Large mining corporations have couched the push for efficiencies and productivity increases through automating field work and machine operations as driven by safety concerns. This is belied by the fact that they, with the help of the right-wing government, the parliamentary lefts and the trade unions, conspired to keep the mining industry operational during the pandemic.
In the northern regions of Tarapacá, Antofagasta and Atacama, where the bulk of the mining sites are located in Chile (see map), total confirmed and suspected COVID-19 infections reached 126,300 cases, and there were 2,375 deaths by the end of last month. This carnage does not even begin to account for the thousands of incapacitations suffered by Chilean miners due to horrific accidents that in the last 20 years have claimed the lives of 581 workers.
A March 31 editorial in the Peruvian Mining Council’s Tiempo Minero gave an estimate of the number of miners who had died of COVID-19 in several Latin American countries, revealing the same disdain for workers’ lives everywhere: 120 in Ecuador; 299 in Brazil; 55 in Peru; 18 in Chile; 35 in Argentina.
Responsibility for this state of affairs rests squarely on the parliamentary left, the Communist Party, Frente Amplio and the corporatist trade unions, which for decades since the return to civilian rule have maintained tripartite arrangements, working simultaneously with business and with past center-left coalition governments, just as they have today embraced the incumbent right-wing presidency of Sebastian Piñera.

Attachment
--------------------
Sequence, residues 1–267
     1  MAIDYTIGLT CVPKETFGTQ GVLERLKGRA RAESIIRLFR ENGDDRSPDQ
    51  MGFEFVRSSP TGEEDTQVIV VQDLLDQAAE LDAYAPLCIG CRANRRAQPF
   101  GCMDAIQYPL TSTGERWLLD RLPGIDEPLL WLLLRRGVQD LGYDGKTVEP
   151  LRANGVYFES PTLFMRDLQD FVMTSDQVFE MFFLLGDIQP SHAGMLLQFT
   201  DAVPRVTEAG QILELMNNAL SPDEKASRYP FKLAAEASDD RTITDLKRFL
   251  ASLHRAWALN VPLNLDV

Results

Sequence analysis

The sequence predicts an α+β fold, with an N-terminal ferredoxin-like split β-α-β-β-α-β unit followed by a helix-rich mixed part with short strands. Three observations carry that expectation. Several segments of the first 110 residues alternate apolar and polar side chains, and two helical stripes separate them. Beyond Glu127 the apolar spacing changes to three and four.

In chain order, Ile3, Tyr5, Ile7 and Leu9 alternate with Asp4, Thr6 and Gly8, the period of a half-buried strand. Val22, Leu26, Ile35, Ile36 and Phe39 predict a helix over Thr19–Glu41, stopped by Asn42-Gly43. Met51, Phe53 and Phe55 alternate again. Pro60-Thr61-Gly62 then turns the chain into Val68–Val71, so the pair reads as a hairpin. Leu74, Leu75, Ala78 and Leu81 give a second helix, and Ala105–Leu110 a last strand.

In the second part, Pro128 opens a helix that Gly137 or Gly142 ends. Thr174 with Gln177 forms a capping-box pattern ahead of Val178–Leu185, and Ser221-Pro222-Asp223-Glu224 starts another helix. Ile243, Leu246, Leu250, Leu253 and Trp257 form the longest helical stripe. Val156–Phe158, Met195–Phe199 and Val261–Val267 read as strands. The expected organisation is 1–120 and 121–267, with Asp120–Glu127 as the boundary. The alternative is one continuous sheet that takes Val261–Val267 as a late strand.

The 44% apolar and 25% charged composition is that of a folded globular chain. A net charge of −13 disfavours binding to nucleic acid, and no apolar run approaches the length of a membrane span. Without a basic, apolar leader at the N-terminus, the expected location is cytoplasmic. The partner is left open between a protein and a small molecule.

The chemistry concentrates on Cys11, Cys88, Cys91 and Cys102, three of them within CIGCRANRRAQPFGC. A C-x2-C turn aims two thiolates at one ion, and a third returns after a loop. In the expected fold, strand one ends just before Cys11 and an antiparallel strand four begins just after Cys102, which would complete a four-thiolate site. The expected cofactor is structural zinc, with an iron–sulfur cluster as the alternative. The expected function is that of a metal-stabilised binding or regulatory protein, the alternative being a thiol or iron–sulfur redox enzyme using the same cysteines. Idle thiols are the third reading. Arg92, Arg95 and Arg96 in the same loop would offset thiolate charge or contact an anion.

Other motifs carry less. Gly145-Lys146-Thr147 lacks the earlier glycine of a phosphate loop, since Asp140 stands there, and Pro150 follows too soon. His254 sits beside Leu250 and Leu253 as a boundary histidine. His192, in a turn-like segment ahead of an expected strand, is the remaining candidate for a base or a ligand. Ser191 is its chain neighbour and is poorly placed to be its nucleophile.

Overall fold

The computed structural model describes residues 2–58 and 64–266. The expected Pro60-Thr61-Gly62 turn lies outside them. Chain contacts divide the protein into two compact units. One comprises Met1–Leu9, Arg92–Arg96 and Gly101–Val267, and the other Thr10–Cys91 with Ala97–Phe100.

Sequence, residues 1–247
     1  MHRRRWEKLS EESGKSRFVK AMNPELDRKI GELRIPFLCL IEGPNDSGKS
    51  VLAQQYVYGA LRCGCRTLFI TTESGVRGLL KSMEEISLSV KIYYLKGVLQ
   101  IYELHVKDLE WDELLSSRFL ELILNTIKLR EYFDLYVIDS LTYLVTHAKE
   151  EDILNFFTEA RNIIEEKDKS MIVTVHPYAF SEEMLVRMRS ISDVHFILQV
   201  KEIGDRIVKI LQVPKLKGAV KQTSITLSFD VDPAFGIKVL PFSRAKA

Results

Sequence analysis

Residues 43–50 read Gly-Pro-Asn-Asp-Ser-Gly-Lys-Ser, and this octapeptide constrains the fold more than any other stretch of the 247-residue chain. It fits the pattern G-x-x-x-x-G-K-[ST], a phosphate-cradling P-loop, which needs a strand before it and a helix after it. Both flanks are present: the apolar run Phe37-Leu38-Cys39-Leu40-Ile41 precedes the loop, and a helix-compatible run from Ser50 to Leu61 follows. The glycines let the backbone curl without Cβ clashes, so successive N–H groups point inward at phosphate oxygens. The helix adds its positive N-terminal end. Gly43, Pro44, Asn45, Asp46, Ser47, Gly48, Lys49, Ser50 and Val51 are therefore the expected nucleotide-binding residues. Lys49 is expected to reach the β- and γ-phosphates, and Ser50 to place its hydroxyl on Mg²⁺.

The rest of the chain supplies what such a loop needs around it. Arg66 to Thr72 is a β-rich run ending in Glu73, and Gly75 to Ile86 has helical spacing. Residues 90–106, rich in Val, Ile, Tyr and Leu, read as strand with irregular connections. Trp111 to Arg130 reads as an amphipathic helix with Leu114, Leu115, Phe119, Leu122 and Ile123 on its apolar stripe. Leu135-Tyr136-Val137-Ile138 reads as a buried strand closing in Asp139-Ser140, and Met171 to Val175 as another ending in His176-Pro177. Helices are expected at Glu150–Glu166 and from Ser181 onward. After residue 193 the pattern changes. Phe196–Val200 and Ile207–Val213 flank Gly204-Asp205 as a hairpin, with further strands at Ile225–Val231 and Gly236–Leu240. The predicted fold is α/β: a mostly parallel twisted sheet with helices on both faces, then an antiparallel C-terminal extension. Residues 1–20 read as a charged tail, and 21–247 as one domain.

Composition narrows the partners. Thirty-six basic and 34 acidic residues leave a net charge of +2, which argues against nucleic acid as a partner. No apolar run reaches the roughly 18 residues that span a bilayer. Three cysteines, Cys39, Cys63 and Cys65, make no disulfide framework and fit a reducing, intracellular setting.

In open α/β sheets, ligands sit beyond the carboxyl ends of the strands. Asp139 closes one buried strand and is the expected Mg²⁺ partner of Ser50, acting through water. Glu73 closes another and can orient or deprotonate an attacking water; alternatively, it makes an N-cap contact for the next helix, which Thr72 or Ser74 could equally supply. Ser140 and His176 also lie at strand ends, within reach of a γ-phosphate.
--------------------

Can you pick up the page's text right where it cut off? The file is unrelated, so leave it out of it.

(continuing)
Not only did they support keeping the non-essential but highly profitable mining industry running, they passed laws facilitating the suspension of hundreds of thousands of contracts, forcing workers to eat into their unemployment insurance under the “Employment Protection Law.” They put into operation “Electronic Settlements” allowing massive layoffs without the right of workers to make any claims and agreed to postpone collective bargaining negotiations.
They signed a national unity pact with the Piñera government in the midst of massive anti-capitalist demonstrations at the end of 2019—from which emerged an agreement to hold a plebiscite and election to draft a new constitution—seeking to channel workers behind parliamentarism and dampen the class struggle. Other populist measures, such as a mining royalty bill that is unlikely to see the light of day, were pursued with the same agenda in mind.
The class struggle has reemerged among a historically significant section of Chilean workers. It is part of a developing strike wave and radicalization of the working class on a global scale whose objective significance is the fight to save lives and livelihoods from a capitalist-made crisis that the pandemic has exposed for all to see.
The working class can take forward this fight only by breaking with the nationalist and opportunist trade unions and fake left capitalist parties and developing new organs of struggle.
It is to this end that the International Committee of the Fourth International (ICFI), which publishes the World Socialist Web Site, has initiated the building of the International Workers Alliance of Rank-and-File Committees.